Treasurer Joe Hockey has described his financial system inquiry as a “general health check” for a sector that served Australia well during the global financial crisis.
The inquiry’s chair, former banker David Murray, will give his initial diagnosis on Tuesday.
Previous inquiries into the financial industry over the past 30 years resulted in the floating of the Australian dollar, the “four pillars” policy governing big banks and a regulatory framework that was the envy of the world during the GFC.
Mr Murray and his review panel was set the task of considering the impact of previous inquiries, identifying factors that could influence the future development of the system and discussing options to respond to them.
Industry bodies like the Customer Owned Banking Association say the inquiry is a once-in-a-generation chance to cast a critical eye over the risks posed by the current arrangements.
The group that represents credit unions, building societies, mutual bank and friendly societies wants a more level playing field and fairer regulatory rules for large and small banking institutions.
In particular, COBA believes the “big four” – ANZ Bank, Commonwealth Bank, National Australia Bank and Westpac – has an implicit guarantee that the government would intervene in the instance of a bail-out being required.
“The ‘too big to fail’ problem posed by dominant banks is well recognised internationally as posing a risk not only to sustainable competition but to the long-term stability of our financial system,” COBA chief executive Louise Petschler says.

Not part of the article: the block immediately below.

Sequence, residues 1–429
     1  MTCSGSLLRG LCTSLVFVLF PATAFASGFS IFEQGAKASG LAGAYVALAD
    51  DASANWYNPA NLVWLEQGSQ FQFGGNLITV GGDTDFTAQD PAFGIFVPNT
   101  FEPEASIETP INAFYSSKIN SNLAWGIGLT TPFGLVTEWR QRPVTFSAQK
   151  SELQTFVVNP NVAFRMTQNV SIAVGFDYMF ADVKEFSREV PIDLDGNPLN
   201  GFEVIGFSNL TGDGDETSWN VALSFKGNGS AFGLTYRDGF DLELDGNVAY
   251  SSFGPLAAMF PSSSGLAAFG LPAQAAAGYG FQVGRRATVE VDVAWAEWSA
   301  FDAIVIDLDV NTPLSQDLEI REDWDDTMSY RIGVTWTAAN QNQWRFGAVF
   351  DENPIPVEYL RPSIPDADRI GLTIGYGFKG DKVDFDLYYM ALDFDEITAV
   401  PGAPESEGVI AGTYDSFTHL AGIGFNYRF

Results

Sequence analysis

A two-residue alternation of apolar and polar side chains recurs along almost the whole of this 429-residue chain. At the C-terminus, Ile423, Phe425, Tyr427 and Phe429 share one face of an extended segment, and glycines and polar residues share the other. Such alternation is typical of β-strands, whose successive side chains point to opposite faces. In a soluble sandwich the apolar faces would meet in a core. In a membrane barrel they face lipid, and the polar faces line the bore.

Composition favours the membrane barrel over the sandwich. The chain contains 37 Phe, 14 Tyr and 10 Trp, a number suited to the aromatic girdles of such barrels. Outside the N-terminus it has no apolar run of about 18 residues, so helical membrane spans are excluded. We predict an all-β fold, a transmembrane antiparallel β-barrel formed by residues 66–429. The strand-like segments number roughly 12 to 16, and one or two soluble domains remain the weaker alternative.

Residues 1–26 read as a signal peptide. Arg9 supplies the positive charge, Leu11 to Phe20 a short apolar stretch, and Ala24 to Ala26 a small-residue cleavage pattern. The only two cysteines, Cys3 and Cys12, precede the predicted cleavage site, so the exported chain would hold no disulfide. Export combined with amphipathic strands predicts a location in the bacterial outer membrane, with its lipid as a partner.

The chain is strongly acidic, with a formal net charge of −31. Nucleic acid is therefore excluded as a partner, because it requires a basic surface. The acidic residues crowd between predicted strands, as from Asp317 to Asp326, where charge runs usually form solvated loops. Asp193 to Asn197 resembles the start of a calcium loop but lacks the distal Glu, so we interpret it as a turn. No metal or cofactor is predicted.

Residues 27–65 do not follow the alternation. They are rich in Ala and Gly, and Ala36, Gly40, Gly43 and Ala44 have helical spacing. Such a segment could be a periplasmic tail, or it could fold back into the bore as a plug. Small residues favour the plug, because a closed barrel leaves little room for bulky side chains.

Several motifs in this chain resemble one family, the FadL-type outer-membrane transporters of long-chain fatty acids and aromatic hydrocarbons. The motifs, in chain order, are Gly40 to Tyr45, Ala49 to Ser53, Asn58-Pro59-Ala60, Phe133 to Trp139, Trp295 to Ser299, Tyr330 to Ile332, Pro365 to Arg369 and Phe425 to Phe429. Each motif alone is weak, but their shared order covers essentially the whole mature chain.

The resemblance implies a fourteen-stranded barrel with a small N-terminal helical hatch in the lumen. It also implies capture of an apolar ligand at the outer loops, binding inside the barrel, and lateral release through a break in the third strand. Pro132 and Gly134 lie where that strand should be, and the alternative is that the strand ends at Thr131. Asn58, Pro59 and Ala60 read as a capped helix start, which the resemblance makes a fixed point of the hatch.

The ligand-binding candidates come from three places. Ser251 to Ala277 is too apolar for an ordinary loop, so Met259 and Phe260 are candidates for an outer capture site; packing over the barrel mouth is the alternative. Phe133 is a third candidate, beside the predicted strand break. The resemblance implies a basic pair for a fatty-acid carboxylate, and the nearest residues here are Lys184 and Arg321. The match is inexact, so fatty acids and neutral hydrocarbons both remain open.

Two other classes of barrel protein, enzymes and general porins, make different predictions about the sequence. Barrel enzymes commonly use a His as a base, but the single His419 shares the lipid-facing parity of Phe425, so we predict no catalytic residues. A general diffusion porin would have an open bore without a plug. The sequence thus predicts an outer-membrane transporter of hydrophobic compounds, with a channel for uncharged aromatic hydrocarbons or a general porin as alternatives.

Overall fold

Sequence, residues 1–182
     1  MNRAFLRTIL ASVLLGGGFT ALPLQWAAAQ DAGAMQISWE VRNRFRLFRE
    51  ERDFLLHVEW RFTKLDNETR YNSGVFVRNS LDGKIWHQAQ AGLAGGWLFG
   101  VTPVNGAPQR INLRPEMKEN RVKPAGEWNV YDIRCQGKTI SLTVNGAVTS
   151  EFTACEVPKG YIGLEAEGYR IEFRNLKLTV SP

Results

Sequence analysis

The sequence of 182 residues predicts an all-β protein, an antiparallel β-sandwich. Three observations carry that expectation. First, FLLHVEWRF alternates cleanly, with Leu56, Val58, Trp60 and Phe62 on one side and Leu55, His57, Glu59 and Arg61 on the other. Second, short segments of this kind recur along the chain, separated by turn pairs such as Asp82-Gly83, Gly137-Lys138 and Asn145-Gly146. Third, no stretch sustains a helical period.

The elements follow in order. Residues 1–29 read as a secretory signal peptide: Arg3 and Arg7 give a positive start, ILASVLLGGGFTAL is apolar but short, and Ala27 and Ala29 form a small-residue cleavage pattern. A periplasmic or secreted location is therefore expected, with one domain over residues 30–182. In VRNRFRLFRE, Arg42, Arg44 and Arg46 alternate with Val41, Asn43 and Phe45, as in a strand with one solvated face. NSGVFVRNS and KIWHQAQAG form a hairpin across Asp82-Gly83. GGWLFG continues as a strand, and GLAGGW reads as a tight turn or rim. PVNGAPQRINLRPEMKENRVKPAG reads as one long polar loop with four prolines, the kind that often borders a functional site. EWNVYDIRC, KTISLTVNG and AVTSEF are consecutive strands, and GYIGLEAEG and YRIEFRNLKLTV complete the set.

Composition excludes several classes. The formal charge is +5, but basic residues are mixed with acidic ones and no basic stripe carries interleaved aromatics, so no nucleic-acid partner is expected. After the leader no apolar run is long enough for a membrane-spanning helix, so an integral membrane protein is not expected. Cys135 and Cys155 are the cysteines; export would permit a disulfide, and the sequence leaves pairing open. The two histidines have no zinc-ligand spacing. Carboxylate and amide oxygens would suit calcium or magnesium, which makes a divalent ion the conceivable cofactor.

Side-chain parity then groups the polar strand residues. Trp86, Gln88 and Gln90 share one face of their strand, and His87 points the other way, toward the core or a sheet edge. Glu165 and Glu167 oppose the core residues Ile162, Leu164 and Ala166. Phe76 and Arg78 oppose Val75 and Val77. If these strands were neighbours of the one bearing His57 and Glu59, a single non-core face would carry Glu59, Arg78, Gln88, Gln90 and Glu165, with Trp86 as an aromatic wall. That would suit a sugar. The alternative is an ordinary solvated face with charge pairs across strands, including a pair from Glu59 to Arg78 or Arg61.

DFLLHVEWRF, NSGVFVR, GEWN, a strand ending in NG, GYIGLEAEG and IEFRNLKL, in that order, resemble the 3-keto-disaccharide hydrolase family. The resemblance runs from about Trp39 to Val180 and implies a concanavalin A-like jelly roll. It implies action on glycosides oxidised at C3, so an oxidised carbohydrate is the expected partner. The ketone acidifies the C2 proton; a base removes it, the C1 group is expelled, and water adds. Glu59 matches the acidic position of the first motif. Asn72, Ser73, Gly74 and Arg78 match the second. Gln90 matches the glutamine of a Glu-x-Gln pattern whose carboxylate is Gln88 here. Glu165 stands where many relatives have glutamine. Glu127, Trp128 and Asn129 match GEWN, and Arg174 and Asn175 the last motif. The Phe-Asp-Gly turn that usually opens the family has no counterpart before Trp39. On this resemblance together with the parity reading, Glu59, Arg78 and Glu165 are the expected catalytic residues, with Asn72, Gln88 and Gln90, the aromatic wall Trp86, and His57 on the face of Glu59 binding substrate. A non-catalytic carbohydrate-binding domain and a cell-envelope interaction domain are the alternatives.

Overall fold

In its submission, the Department of Treasury says the perceived guarantee does mean the banks are rated higher than they would normally be, which allows them to raise funds more cheaply than their smaller competitors.
The big four deny that such a guarantee exists.
With the federal government seeking investment into the nation’s much-needed infrastructure, there are also hopes in the superannuation industry that liquidity arrangements could be eased to allow a ballooning savings pool better opportunities into long term investments.
Super savings were relatively small when the last financial inquiry was held in 1997, but now sit at $1.75 trillion and are projected to reach a massive $6 trillion in 2030.
Mr Murray, will hand down his interim report on Tuesday before addressing the National Press Club in Canberra at midday.
His final report is due in November.